This opens up a different perspective on the question of the judicial review of legislation in Greece. We have seen that the jurisdiction of the Council of State constitutes an important element of concentrated review. In effect, the Council of State tends to evolve into a special court of constitutionality. There are instances (particularly when it annuls an administrative regulation or in the new institution of the “model trial”) where the Council can effectively abolish a statute and its judgment is held to be definitive and binding on all. In this respect, the Greek system entails an element — and a rather strong one, for that matter — of strong-form review. However, the Council of State lacks the political legitimacy usually enjoyed by constitutional or highest courts in systems of strong-form review. This seems to account for its cautiousness in carrying out judicial review. Indeed, the Council of State typically tends to uphold the constitutionality of most major political choices of the incumbent governments, with few exceptions which seem to merely confirm the rule. We could say, somewhat schematically, that the Council of State is a strong-form court with weak-form political legitimacy.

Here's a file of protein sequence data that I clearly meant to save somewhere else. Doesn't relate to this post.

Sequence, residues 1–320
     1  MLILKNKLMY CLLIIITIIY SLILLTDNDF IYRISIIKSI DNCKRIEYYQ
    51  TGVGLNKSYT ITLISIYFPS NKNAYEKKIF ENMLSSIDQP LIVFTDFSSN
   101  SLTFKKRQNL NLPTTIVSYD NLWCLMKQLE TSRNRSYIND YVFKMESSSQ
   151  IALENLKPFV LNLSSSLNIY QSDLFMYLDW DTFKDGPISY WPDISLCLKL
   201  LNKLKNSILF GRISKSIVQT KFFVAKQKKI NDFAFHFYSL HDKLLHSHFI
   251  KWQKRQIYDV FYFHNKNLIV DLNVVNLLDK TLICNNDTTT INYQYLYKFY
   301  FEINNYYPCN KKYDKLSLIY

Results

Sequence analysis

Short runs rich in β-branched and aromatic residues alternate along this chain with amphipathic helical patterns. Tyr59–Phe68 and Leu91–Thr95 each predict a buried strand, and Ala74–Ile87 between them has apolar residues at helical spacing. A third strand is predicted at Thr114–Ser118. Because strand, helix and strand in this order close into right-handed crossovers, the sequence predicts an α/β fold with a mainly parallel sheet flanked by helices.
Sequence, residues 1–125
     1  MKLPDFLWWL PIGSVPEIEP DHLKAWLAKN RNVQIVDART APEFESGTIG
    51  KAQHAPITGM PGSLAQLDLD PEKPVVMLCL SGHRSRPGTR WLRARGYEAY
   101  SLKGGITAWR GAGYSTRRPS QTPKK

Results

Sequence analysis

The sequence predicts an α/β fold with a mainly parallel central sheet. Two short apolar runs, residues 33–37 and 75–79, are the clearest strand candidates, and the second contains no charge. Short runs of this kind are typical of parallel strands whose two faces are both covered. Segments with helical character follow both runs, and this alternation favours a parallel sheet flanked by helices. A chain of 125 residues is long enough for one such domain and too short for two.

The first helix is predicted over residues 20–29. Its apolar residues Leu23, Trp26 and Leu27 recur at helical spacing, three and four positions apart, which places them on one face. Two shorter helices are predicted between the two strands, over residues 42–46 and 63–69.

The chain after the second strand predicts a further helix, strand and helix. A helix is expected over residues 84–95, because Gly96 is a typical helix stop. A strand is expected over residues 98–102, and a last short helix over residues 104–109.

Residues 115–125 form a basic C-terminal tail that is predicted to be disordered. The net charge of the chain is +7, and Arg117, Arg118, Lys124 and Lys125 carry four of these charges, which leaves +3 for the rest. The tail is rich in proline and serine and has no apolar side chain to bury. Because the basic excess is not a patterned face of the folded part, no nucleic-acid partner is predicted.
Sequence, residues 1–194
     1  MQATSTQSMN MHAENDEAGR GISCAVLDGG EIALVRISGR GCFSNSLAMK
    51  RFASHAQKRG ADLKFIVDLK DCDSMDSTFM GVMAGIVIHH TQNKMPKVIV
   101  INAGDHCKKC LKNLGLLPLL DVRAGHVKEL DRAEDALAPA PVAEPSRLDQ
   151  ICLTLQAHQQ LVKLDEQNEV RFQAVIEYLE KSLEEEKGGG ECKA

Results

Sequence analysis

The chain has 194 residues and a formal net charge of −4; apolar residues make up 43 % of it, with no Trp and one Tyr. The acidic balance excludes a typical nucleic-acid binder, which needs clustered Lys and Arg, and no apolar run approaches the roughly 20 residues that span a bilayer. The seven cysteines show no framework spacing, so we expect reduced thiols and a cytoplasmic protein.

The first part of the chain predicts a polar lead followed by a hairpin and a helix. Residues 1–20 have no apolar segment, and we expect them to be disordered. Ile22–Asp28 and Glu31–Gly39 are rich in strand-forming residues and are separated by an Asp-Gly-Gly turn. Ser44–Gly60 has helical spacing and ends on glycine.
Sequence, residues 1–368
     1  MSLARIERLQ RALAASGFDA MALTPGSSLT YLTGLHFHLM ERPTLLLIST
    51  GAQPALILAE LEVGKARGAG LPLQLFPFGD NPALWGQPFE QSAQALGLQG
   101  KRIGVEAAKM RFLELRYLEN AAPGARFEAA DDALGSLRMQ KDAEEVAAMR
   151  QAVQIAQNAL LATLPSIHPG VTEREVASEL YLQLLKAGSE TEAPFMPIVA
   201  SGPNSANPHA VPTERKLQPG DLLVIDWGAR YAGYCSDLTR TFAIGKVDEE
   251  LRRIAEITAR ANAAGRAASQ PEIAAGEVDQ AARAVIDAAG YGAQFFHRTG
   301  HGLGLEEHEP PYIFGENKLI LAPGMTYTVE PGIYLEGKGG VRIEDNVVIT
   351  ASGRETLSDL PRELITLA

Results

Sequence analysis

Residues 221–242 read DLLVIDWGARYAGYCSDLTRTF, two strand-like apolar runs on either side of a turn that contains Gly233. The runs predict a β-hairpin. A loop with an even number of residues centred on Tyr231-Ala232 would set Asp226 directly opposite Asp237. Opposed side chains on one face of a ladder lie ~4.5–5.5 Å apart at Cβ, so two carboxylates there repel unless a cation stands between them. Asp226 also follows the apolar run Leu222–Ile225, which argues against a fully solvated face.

This seems to introduce an imbalance in the system. Citizens have high expectations from the Council of State regarding the review of legislation; however their expectations tend to be frustrated, since the Council is very reluctant to deem laws unconstitutional. Hence, the Greek mixed system is marked by an element of instability. This instability can be limited by moving the system in one or the other direction, by enhancing the elements of strong-form or of weak-form review. The first solution is endorsed by those who propose the establishment of a constitutional court, the transition, that is, to a purer system of strong-form review. But a real constitutional court inevitably requires proper political legitimacy. At the very least, the members of such a court need to be selected by the political branches; otherwise, the problem of “timidity” in the judicial review will remain. Thus, the establishment of a constitutional court would entail a major rupture in the political system, as it would directly involve one more player in the political game; in other words, it would constitute a radical reform with unpredictable and uncontrollable consequences. I think that this is not an advisable solution, as it would add further instability to an already unstable political system. To put it more straightforwardly: what kind of political legitimacy could be conferred today on an entirely new — and, hence, particularly sensitive during the first years of its operation until its consolidation — court of constitutional justice by the severely delegitimized and already collapsing Greek political system?